been available to these women before -- a space that displaced the
dominant discourse and its code
of silence. My goal in this paper is to open that counter-hegemonic
space a little bit more.
I do not intend to do this by providing an exhaustive account of the
complex conditions that
encourage aggression and support violence against women, all of which
have been well
documented elsewhere (e.g. Burt, 1980; MacKinnon, 1983; Hanmer &
Buchwald, Fletcher, &
Roth, 1993; Connell, 1995; Klein &
Chancer, 2000). I do this, instead, by
ending my tacit complicity with these societal forces of repression by
remaining silent. I do this
by describing a personal journey into the intersection of the social
politics that have shaped and
controlled the legitimacy, experiences, and representation of women's
stories and by exploring
how these forces are resisted and negotiated, embodied and survived,
silenced and voiced.
I offer the words and images of my search in the hope that others
may find resonance in what has
been reverberating  in me for more than half my
lifetime. I offer it
challenge the traditional
assumptions made by academic texts and paradigmatic disciplines -- to
legitimize "other" texts as
valid and valuable resources for making meaning. I offer it to further
de-romanticize what it means to survive. But more about that later. For
now, perhaps the
following will help it make sense.
I am writing this on the bus from Boston to New York. The next thing
I realize, I am absorbed in
studying the rain-muted view of New England's fall foliage. I have
become the observer once
again. Disassociated from the pain. It is hard for me to concentrate on
writing this piece.
The oranges and yellows are extremely vibrant in some places this
year, while for the next mile
the leaves are still strangely green.
Even after all of these years have passed, I automatically turn off
the emotions -- the voices that
tear me apart. Such psychic survival strategies have become routine.
I have never seen such glorious color and I cannot recall ever
seeing it so unevenly distributed.
I was young. I was female. I was innocent. He was male. He was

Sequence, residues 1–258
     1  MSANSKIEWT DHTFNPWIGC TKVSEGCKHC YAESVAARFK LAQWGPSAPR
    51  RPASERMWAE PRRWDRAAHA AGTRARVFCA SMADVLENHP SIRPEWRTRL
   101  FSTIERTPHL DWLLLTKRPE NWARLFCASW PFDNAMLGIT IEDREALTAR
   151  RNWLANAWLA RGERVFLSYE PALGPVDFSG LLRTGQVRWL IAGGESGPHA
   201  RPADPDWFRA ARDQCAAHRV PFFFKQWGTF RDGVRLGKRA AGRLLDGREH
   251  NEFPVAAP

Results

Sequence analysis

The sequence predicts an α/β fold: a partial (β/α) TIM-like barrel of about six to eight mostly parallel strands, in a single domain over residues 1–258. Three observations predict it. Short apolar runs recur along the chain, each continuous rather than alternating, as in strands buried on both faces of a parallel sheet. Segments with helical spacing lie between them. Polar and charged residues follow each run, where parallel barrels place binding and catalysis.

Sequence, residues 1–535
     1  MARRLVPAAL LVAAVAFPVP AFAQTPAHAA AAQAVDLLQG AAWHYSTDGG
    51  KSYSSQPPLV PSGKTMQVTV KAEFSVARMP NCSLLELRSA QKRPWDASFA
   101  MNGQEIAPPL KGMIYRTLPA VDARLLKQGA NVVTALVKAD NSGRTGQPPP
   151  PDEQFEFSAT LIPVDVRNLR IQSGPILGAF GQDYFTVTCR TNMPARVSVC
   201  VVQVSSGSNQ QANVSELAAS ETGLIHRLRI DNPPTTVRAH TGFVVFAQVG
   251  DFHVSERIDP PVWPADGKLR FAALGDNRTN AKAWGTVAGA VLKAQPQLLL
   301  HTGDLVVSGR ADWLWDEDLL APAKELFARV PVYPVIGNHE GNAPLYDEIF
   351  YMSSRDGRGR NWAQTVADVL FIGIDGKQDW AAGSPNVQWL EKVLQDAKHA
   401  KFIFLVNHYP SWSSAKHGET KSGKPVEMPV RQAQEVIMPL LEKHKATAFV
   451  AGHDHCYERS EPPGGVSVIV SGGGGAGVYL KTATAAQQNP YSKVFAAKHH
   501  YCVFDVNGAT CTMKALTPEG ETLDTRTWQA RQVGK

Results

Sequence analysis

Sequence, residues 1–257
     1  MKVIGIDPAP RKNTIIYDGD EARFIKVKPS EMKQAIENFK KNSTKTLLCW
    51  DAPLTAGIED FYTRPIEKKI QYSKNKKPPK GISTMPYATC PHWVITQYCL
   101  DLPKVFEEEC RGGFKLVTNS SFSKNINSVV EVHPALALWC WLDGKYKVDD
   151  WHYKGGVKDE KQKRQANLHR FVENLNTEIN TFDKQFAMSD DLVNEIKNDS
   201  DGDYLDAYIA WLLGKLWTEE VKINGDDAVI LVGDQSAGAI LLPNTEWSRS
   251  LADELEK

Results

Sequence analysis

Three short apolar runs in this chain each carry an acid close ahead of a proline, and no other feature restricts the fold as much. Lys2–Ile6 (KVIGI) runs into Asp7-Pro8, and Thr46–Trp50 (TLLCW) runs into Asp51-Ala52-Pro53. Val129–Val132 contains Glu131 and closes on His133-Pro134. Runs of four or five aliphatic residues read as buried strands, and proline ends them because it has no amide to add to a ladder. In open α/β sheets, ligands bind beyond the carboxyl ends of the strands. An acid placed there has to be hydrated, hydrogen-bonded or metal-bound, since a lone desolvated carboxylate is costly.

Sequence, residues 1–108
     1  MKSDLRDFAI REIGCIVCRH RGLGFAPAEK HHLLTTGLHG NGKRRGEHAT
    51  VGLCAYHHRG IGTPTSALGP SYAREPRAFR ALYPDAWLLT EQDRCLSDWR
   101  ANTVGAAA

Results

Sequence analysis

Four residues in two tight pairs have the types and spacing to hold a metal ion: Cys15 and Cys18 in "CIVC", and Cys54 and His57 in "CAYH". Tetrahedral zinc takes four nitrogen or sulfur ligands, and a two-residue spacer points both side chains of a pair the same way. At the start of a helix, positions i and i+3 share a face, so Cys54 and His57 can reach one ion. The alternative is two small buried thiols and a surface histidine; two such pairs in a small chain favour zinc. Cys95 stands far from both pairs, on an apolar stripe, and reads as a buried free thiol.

strong and smelled of burnt
rubber. He had a gun.
The woman next to me clutches her bag and stares straight ahead. She
appears to be around
seventy and wears red shoes and a red coat, long dangling earrings, and
closely cropped hair dyed
dark brown. She is carefully made-up. Carefully coordinated.
He raped me. Twice. Once with the gun. Words cannot express the
terror. The horror. But I
did not die. I was no longer alive. But I was not dead. I breathed. I
moved. I hurt. It was dark. I was alone. I was numb. Somehow I found a
phone. A pay phone. I must have called a taxi
because I remember cowering in a corner of the back seat all the way
home, my torn scarf drawn
across my face.
Across the aisle, a blond young man with a most unusual ring on his
pinkie reads an ornate
leather bound volume of Edgar Allan Poe. The ring is silver with a
design reminiscent of the
style of Pacific Northwest Coast Indians. It is set with a polished
cabochon of amber yellow.
"You're home early." came from the kitchen.
"I don't feel well. I think I'll shower and go to bed." I managed on my way furtively up the stairs.
I showered the longest, hottest, soapiest shower I dared. I told no
one. Hoping the pounding
water would drown out my stifled, convulsive sobs. I told no one. I
tried to scrub off the bruises
until they bled. I bled. I told no one. I wore turtlenecks and long
sleeves. I told no one.
A thirsty lake swallows the rain. Music seeps out from the